Abstract

The corrosion of steel structures in soils has been a topic of industrial research for many decades. Research has shown that the corrosivity of a soil is highly variable and a function of numerous interconnected parameters including soil resistivity, moisture content and pH. Despite the complexity of the soil environment, methods have been developed to evaluate soil corrosivity and guidelines for corrosion control during the design phase and lifetime of a steel structure. An opportunity exists to apply this understanding to optimize the corrosion protection and capital expenses for new projects. For example, the identification of regions of low corrosivity where coatings are not required could lead to cost savings without compromising the long-term integrity of the structure.

This paper presents work conducted to assess the applicability of three soil-corrosivity standards, AASHTO R27-01 [1], DIN 50929-3:2018 [2], ANSI/AWWA C105/A21.5 [3] for this purpose. A field study was conducted which involved collecting buried structural steel samples and soil samples from eight pipeline meter stations and one light industrial facility located across Alberta. The corrosion damage of the buried structural steel samples was assessed through visual examination and pit depth measurements. The soil corrosivity was determined with the three soil-corrosivity standards using soil properties (e.g., pH, resistivity, sulphide and chloride concentration) collected in the field and measured in the laboratory. The corrosion damage was compared to the soil corrosivity predictions to evaluate the standards.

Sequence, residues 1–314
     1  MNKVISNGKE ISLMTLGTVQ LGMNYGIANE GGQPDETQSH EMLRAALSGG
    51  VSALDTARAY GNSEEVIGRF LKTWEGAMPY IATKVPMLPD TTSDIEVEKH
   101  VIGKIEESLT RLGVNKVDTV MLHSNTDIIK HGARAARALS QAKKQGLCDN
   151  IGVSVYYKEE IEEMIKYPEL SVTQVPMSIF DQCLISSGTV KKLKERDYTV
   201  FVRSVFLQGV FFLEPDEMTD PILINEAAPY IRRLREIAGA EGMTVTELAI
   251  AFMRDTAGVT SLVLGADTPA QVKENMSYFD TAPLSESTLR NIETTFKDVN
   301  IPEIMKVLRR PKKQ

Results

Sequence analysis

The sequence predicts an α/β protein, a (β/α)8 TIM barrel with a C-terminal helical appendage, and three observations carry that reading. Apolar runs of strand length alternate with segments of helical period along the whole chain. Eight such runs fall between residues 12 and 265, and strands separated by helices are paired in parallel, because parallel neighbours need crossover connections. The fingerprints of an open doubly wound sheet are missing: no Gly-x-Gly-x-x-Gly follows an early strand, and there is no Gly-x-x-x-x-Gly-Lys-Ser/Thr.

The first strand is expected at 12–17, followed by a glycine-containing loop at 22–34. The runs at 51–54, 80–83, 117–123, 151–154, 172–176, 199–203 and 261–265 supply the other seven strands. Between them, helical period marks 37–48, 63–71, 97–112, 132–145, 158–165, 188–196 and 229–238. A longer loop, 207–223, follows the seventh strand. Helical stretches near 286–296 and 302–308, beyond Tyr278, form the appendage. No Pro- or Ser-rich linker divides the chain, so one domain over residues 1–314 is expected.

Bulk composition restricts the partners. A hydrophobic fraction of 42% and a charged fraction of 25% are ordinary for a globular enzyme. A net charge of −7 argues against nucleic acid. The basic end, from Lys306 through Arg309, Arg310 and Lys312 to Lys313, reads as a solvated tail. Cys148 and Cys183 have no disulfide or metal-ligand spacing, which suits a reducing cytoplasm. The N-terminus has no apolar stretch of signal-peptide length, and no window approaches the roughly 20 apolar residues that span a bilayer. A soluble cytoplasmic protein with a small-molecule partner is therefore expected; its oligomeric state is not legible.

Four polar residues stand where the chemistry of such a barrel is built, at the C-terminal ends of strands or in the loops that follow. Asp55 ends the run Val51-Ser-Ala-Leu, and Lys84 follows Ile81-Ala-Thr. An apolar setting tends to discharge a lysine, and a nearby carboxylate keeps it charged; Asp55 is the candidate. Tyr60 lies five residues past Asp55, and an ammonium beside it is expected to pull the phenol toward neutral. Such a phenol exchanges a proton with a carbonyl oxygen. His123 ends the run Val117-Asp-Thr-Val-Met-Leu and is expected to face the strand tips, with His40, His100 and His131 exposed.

The results demonstrate that these standards provide a conservative assessment of soil corrosivity, with a tendency to overpredict corrosivity at the locations studied. Practical and economic considerations for the application of these standards to decisions on the need to coat buried structures are discussed.

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